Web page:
Local boys are heading for Atlanta
During this week in the Civil War 150 years ago, hundreds of Trumbull County boys in many units were emerging from winter quarters and starting advances from several directions to join up with combined forces under General William Tecumseh Sherman to wage the important Atlanta Campaign. Not the least of those units representing Trumbull was the 125th Ohio Volunteer Infantry, known as ”The Yankee” or ”Ohio” or ”Opdycke’s Tigers.”
In a letter to his wife, Lucy, dated April 16, 1864, Col. Emerson Opdycke of Warren, commander of the 125th, wrote ”We are ordered ready to march by Monday (April 18, 1864). Some new troops from Indiana (not identified) are to relieve us. We expect to go to Cleveland (Tennessee) to be ready for the opening of an offensive campaign.”
Indeed, the 125th left its winter quarters in Louden, Tenn., marching southwest toward Cleveland, Tenn. In another letter to Lucy, dated April 19th, Opdycke wrote: ”We broke up winter quarters on Monday and marched out of our delightful barracks at 8 1/4 A.M. The ‘Tigers’ in the lead, with their fine, martial band. The regiment never made so imposing an appearance except in battle. I am proud of it. The day was fine, the roads good, and all were in the best of spirits. By 1 P.M. we had made thirteen miles and camped at Sweet Water. Resumed march at 7 this morning and made fourteen miles by noon, when we camped again and are not to move again until 6 in the morning, all well.”
Two days later the 125th passed through Cleveland, Tenn., at noon and camped on pleasant ground. Opdycke said: ”We expect to remain here for a few weeks.” It turned out that their time there did not even exceed three weeks.
In his April 16, 1864, letter to Lucy, Opdycke wrote ” … we hope not to have much fighting until near Atlanta. It will be weeks before we get there, so you will please to feel at ease about me. We are in God’s hands and ‘He doeth all things well.”
Opdyke’s prediction about little fighting until reaching Atlanta turned out to be far from reality. Before it reached the Atlanta city limits the 125th fought in 10 major engagements, starting with the Battle of Rocky Face Ridge, which started on May 7 and lasted until May 13, 1864. He was correct, however, that it would consume several weeks to get to Atlanta. John Bell Hood, commander of the Confederate forces and successor to the popular General Joseph E. Johnston, did not surrender the city until Sept. 1.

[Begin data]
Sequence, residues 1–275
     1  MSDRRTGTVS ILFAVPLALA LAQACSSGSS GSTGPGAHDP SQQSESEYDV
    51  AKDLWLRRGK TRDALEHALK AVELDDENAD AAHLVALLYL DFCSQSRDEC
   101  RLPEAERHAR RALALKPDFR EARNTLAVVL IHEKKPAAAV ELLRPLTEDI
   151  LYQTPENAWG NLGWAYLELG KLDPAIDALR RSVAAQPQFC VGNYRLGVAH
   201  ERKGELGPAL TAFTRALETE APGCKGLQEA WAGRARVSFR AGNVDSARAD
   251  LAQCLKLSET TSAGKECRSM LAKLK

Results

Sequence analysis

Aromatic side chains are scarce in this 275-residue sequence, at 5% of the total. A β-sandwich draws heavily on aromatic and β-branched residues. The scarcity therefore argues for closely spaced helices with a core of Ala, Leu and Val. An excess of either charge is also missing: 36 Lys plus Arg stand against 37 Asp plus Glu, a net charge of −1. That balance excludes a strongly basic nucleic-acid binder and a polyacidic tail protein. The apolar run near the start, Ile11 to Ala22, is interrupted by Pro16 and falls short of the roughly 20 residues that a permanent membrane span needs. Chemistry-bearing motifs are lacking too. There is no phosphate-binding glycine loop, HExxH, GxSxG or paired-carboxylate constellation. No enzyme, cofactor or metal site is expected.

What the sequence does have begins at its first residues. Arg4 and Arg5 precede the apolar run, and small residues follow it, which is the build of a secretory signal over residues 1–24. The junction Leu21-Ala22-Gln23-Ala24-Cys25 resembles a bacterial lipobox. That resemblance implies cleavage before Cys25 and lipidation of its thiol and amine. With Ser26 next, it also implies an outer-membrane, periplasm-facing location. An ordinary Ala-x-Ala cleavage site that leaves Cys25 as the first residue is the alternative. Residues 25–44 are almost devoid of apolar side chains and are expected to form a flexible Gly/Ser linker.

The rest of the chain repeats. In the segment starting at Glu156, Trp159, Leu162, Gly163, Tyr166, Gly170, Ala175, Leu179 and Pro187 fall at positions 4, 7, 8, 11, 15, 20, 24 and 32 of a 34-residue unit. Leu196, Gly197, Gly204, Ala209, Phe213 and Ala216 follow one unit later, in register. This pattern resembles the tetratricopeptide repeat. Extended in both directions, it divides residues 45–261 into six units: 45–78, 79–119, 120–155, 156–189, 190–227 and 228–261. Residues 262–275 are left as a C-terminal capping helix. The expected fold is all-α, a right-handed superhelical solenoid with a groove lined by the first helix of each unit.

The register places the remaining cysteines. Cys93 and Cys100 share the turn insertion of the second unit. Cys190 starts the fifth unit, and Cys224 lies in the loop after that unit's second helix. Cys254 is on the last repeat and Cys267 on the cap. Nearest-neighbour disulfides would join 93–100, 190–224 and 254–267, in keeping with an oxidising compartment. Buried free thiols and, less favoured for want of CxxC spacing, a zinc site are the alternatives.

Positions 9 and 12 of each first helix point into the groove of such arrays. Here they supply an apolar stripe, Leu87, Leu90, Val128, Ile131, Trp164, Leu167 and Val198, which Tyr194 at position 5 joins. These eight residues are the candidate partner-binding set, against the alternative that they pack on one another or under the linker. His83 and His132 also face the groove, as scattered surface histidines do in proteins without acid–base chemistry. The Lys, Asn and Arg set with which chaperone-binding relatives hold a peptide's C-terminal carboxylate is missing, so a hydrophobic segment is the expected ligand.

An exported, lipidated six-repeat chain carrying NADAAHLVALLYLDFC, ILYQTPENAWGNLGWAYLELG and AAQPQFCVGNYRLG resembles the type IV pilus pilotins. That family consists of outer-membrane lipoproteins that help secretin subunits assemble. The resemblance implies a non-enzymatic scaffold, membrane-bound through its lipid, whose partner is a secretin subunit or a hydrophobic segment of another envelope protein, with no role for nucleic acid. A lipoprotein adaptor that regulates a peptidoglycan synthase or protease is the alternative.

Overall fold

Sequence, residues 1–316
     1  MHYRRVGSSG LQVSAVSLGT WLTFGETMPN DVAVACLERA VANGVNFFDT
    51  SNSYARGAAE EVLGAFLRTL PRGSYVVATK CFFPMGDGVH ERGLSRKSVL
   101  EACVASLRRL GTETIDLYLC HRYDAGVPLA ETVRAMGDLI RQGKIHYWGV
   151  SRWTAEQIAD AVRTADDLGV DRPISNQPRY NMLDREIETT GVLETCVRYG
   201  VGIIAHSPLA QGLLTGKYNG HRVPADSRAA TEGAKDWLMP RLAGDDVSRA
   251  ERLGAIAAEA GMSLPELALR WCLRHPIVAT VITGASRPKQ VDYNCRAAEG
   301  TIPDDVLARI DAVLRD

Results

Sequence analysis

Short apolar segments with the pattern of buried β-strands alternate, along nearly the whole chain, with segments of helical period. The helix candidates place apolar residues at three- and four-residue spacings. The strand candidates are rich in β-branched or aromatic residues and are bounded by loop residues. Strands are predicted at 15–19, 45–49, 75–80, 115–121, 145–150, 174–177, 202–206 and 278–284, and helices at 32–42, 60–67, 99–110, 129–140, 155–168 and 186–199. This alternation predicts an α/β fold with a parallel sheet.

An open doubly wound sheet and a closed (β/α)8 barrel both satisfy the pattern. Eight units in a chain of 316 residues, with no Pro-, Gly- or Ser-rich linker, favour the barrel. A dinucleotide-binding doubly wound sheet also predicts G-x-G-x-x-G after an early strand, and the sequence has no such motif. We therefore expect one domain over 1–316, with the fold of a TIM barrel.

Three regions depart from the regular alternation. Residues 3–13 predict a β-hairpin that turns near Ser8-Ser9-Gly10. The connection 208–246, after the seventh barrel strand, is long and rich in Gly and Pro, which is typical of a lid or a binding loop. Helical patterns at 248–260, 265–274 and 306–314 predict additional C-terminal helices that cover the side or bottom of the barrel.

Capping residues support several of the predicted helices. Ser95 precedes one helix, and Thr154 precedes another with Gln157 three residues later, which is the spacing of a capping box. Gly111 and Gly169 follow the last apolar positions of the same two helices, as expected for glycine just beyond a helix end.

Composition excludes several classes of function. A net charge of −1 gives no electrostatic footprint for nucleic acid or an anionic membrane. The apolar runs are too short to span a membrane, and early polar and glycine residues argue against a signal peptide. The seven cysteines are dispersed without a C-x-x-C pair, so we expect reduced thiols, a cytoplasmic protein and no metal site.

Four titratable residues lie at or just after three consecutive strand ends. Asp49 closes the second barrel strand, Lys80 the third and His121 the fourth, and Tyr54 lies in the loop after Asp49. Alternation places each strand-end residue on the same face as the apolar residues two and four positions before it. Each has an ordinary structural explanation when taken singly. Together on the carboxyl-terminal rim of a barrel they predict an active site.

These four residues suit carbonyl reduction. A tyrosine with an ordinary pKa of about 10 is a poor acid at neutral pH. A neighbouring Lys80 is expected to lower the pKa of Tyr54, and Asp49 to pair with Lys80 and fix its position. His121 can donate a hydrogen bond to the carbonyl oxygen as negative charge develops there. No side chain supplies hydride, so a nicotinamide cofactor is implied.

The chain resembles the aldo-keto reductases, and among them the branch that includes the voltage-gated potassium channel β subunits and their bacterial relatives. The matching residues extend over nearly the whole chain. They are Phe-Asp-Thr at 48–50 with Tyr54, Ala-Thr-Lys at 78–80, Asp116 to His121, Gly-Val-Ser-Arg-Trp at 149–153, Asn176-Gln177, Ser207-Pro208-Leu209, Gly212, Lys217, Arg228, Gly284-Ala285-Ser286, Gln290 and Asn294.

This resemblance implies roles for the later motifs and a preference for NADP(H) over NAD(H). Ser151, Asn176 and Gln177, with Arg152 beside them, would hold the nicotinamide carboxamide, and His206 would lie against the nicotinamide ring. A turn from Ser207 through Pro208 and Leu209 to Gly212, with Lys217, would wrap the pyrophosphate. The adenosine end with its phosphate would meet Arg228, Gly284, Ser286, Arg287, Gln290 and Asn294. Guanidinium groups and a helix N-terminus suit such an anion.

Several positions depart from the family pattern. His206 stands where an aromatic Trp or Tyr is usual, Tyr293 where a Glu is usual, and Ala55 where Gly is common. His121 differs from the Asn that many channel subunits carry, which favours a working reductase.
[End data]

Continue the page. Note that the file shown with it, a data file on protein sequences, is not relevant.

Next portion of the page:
The 125th was not the only unit with significant Trumbull representation that participated in the Atlanta Campaign. I would be remiss not to mention the 7th, 26th, 19th, 171st, 29th, and 105th OVIs and the 14th and 15th Light Artilleries.
The Battle of Plymouth, North Carolina
Another event occurred during this week that gets scant attention in the history books, but does have military significance for the Confederate side of the war. It has been cited by some scholars as the ”most effective Confederate combined-arms operation of the Civil War.” The Battle of Plymouth (North Carolina) featured the land forces of Confederate General Robert F. Hoke’s Division and the naval support of the Confederate ironclads Albemarle and Neuse.
General Hoke began the operation on April 17, 1864, by advancing with 10,000 men on the Plymouth garrison, defended by 3,000 well-entrenched Union troops. The latter did not give up easily. On April 19th the newly-commissioned, Confederate ram CSS Albemarle appeared on the Roanoke River, sinking the USS Southfield, damaging the USS Miami and driving off the other Union ships defending the Plymouth garrison.
On the 20th, General Hoke got naval artillery support that ultimately forced the stubborn Union commander of the Plymouth garrison, General Henry Wessells, to surrender. The victory opened Washington County back to the Confederacy, and much-needed naval stores were made available to the army once again. In addition, the Roanoke River was freed from Union blockaders, allowing for a trade and military transportation route for Confederate forces.